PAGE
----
Appeals & Response Plans
- Tropical Cyclone Sagar - May 2018
- Ethiopia: Floods and Landslides - Apr 2018
- Ethiopia: Floods - Aug 2017
- Ethiopia: Measles Outbreak - May 2017
- East Africa: Armyworm Infestation - Mar 2017
- Ethiopia: Acute Watery Diarrhoea (AWD) Outbreak - May 2016
- Ethiopia: Floods - Apr 2016
- Ethiopia: Floods - Oct 2015
- Ethiopia: Drought - 2015-2018
- Ethiopia: Floods - Oct 2014
Maps & Infographics
Most read reports
- Ethiopia Humanitarian Bulletin Issue 66 | 15 - 28 October 2018
- Ethiopia – Eritrean Refugee Influx (DG ECHO, UNHCR, NRC) (ECHO Daily Flash of 26 September 2018)
- Multi-Sectoral Intervention Vital to Accelerate Reduction of Stunting: Researchers
- Ethiopia: Renewed influx of Eritrean refugees, 12th September to 13th October 2018
- Ethiopia Humanitarian Bulletin Issue 67 | 29 October - 11 November 2018
COOPI’s worldwide operations increased once again in 2017. It means also that the number of humanitarian crises we have tried to respond to as effectively as ever has increased. We have decided not to limit ourselves to intervening when there is an emergency, only to then move on elsewhere; instead, we remain alongside the communities hit by those emergencies in the medium-to-long-term, so as to help them overcome their critical issues and launch a reconstruction process.
Message from our Regional Director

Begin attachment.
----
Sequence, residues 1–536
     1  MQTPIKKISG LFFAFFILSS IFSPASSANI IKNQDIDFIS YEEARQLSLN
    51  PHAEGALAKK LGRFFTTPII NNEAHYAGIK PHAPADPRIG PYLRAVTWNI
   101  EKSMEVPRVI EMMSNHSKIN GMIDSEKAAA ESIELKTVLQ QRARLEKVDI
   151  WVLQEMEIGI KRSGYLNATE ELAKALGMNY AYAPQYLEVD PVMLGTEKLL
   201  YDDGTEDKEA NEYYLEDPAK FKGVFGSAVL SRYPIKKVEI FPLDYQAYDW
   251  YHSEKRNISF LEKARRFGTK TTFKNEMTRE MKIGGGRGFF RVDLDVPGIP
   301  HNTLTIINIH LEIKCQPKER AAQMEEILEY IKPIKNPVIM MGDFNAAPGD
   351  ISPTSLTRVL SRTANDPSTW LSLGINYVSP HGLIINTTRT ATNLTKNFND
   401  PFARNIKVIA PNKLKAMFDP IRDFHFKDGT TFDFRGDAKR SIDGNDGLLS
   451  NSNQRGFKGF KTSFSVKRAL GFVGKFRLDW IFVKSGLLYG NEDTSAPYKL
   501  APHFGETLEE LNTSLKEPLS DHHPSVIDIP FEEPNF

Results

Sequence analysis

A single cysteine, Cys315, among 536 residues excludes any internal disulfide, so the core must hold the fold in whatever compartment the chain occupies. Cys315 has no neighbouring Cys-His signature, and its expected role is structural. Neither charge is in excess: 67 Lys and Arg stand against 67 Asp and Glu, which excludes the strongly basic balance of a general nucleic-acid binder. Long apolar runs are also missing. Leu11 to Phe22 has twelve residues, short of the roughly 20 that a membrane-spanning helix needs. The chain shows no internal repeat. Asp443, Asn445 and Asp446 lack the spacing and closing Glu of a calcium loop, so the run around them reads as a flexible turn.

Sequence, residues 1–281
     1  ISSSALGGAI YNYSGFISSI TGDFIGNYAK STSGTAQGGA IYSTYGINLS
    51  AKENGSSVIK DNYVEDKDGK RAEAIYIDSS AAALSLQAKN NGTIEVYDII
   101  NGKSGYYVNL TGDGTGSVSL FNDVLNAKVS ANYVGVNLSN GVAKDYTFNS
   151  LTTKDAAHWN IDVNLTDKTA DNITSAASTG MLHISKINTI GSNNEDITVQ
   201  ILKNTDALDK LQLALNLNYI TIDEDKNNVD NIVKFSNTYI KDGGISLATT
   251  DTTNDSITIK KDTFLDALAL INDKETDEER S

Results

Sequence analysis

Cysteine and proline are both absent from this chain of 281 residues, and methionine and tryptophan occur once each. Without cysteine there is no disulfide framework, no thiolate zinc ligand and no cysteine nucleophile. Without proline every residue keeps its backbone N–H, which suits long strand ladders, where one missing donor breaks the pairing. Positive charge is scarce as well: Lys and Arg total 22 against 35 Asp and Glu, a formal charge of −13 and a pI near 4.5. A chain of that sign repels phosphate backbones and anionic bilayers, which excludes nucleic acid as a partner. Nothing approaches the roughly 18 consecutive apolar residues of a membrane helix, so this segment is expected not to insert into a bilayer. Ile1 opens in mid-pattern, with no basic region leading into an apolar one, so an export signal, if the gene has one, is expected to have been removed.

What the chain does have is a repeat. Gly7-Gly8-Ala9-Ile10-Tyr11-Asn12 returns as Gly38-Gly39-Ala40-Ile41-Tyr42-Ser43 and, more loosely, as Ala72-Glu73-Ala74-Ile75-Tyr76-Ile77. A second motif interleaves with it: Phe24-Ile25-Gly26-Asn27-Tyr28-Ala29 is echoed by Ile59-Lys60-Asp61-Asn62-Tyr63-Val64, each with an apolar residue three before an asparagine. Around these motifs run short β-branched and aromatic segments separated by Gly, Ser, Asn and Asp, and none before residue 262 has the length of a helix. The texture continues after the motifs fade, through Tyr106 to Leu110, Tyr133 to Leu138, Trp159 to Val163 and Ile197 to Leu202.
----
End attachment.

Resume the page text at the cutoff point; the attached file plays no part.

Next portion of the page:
Despite numerous humanitarian challenges in 2017 in Africa, there were also a number of heart-warming accomplishments. A case in point, was when a local response of Red Crescent teams—and other partners—curbed Somalia's cholera outbreak through the power of local volunteers and shared international expertise. In terms of support to our members, 36 National Societies were able to kick start initiatives that built their capacity through seed grants.
Animal health emergencies continue to erupt around the world at an ever-increasing pace. Increased global travel, human migration and informal trade of animals and animal products continue to intensify the risk of disease spread. Infectious diseases and other animal health threats have the potential to move rapidly within a country or around the world leading to severe socio-economic and public health consequences. For zoonoses that develop the ability for human to human transmission, an early response to an animal health emergency could prevent the next pandemic.